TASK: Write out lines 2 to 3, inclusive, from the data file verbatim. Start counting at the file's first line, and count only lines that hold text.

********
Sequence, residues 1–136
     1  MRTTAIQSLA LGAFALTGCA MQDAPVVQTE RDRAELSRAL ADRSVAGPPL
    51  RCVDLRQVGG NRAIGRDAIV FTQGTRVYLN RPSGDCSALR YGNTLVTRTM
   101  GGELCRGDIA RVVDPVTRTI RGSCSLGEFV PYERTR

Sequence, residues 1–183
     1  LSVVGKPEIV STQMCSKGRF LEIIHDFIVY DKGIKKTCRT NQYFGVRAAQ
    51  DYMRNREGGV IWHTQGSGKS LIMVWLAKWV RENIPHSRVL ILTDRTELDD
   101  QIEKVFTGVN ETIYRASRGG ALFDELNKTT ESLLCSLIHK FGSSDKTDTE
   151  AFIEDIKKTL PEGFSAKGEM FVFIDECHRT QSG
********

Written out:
     1  MRTTAIQSLA LGAFALTGCA MQDAPVVQTE RDRAELSRAL ADRSVAGPPL
    51  RCVDLRQVGG NRAIGRDAIV FTQGTRVYLN RPSGDCSALR YGNTLVTRTM